In Qing Colonial Enterprise, Laura Hostetler shows how Qing China (1636-1911) used cartography and ethnography to pursue its imperial ambitions. She argues that far from being on the periphery of developments in the early modern period, Qing China both participated in and helped shape the new emphasis on empirical scientific knowledge that was simultaneously transforming Europe—and its colonial empires—at the time.

Although mapping in China is almost as old as Chinese civilization itself, the Qing insistence on accurate, to-scale maps of their territory was a new response to the difficulties of administering a vast and growing empire. Likewise, direct observation became increasingly important to Qing ethnographic writings, such as the illustrated manuscripts known as "Miao albums" (from which twenty color paintings are reproduced in this book).

Finding Venerable Mother

By Cindy Rasicot,

Book cover of Finding Venerable Mother: A Daughter's Spiritual Quest to Thailand

Writing a memoir is a brave act, especially one that shares a personal and spiritual exploration, and Cindy Rasicot’s engaging Finding Venerable Mother does just that. I applaud her honesty. Within these pages, I experienced, first, her encounter and then budding relationship with Dhammananda Bhikkhuni, Thailand’s first female Buddhist monk. Along the way, Ms. Rasicot frankly shares personal health challenges, obstacles she encountered living in a foreign country, and, ultimately, triumphs. It is a story of love and acceptance, healing and hope. 


Who am I?

I have always been a seeker, fascinated by all cultures, philosophies, and spiritual perspectives. Although the concept is often different—for some, it’s a place of refuge, feeling safe or sheltered from pursuit, danger, or trouble; for others, it’s a state of being, an inner peace, I’ve found that the search for sanctuary—safe-haven—elsewhere—has ancient roots and contemporary reverberations. My novel, Guesthouse for Ganesha, further heightened my interest in this subject, for my protagonist, Esther Grünspan, both deeply wounded and unsafe, was compelled to seek sanctuary. As a first-time novelist with an 18-year journey to publication, I fully immersed myself in this topic’s study and comprehension.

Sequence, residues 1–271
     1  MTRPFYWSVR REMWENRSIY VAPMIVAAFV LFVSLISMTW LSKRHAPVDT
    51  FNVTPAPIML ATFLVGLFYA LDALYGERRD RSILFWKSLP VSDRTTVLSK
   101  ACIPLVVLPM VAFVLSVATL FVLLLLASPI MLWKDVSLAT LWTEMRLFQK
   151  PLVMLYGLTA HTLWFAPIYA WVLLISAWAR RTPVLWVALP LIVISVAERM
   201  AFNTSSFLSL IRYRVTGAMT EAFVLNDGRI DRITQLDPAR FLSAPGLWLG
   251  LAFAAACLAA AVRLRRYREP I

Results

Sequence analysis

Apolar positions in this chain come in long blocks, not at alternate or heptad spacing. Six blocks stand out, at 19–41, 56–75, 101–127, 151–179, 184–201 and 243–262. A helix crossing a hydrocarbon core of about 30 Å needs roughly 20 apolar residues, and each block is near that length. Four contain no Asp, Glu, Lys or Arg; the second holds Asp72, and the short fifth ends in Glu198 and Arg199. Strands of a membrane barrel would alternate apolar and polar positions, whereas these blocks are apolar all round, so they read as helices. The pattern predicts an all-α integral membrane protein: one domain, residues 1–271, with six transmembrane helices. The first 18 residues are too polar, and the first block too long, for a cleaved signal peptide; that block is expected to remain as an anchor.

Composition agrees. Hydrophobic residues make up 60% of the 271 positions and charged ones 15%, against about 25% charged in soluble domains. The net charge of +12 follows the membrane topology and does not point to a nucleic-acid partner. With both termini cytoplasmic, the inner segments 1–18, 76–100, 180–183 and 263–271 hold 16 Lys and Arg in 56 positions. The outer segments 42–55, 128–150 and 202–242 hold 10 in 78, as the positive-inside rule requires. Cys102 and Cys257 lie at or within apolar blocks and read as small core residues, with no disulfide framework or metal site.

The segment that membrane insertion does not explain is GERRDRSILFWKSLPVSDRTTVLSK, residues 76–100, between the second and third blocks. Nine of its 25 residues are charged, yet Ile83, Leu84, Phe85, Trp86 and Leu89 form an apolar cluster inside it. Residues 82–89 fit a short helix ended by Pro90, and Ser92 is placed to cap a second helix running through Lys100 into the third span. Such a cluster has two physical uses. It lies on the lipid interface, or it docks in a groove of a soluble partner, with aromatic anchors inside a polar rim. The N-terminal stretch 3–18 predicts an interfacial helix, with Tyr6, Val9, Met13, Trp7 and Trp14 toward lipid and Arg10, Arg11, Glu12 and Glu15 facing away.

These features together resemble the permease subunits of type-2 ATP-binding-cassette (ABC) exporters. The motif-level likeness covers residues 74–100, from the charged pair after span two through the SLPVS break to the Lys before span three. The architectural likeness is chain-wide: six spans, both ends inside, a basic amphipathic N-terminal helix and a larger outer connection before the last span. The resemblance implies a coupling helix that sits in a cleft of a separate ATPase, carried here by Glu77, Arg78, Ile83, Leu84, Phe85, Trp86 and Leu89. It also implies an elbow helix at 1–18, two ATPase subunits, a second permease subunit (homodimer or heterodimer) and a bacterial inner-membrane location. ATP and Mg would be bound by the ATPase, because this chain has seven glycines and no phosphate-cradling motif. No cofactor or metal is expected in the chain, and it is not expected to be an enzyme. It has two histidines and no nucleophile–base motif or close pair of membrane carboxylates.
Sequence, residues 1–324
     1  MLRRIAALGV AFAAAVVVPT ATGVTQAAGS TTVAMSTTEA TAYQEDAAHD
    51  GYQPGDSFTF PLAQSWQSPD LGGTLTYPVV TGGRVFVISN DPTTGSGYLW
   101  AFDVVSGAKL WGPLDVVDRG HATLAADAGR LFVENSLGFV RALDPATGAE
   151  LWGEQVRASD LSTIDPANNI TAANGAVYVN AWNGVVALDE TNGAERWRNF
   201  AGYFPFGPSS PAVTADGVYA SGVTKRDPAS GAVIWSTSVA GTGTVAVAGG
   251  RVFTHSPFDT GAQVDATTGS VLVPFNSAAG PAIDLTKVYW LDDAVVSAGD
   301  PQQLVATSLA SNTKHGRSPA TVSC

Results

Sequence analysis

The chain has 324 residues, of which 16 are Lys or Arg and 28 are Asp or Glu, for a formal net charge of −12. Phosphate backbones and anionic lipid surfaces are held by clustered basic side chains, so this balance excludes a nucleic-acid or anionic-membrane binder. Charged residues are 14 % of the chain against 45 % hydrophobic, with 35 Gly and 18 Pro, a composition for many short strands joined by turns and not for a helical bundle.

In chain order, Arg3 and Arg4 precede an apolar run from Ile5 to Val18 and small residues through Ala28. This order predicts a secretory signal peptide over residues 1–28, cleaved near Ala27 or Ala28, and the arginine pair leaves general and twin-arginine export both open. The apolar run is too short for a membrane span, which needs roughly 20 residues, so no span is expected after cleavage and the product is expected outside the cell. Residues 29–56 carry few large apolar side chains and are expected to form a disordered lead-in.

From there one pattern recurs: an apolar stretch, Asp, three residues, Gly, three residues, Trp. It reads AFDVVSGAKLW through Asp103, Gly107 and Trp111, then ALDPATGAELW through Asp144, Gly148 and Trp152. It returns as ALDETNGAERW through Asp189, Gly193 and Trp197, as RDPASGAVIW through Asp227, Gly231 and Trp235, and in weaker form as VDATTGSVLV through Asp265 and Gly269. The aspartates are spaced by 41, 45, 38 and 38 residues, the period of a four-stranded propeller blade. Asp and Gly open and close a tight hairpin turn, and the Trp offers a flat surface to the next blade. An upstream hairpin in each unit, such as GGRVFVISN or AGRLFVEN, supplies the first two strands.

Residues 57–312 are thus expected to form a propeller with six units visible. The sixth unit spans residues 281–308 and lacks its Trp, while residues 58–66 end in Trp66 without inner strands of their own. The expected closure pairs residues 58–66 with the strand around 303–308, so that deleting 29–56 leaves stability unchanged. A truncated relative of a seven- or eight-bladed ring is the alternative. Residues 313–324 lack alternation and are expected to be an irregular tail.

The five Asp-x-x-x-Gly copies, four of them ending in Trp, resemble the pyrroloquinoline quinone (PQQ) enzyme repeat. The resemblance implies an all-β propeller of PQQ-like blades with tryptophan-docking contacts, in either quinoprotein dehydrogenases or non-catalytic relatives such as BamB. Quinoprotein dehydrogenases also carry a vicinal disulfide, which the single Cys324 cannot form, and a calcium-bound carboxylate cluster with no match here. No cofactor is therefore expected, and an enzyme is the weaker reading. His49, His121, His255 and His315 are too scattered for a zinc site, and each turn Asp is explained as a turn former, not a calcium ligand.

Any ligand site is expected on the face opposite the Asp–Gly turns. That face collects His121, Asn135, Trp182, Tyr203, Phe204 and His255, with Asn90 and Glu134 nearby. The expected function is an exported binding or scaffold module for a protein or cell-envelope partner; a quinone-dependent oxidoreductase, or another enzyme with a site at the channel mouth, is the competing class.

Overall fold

I wrote...

Guesthouse for Ganesha

By Judith Teitelman,

Book cover of Guesthouse for Ganesha

What is my book about?

Weaving Eastern beliefs and perspectives with Western realities and pragmatism, Guesthouse for Ganesha is a tale of love, loss, and spirit reclaimed.

In 1923, 17-year-old Esther Grünspan arrives in Köln “with a hardened heart as her sole luggage,” Thus begins a 22-year journey, woven against the backdrops of the European Holocaust and Hindu Kali Yuga (“Age of Darkness”), in search of sanctuary. Throughout her travails, Esther relies on her masterful tailoring skills to help mask her Jewish heritage, navigate war-torn Europe, and emigrate to India. Her traveling companion and the novel’s narrator is Ganesha, the beloved elephant-headed Hindu God. Impressed by Esther’s fortitude and relentless determination, born of her deep―though unconscious―understanding of the meaning of love, Ganesha conveys her journey with compassion, insight, and poetry.

The Windup Girl

By Paolo Bacigalupi,

Book cover of The Windup Girl

What makes great worldbuilding, as opposed to just good worldbuilding? It’s hard to define, but the world should feel complex but not confusing, different but still relatable, and drive the story the author wants to tell. The Windup Girl remains my ultimate blueprint for how to get it right in my own novels. This novel follows several characters in 23rd Century Thailand that includes a refugee, an economic hitman, a well-meaning law enforcement officer, and a genetically-modified, synthetic human named Emiko. Climate change is a big theme and forms the basis for how the characters operate and survive in this complex, morally murky, and magnetic world. 


Who am I?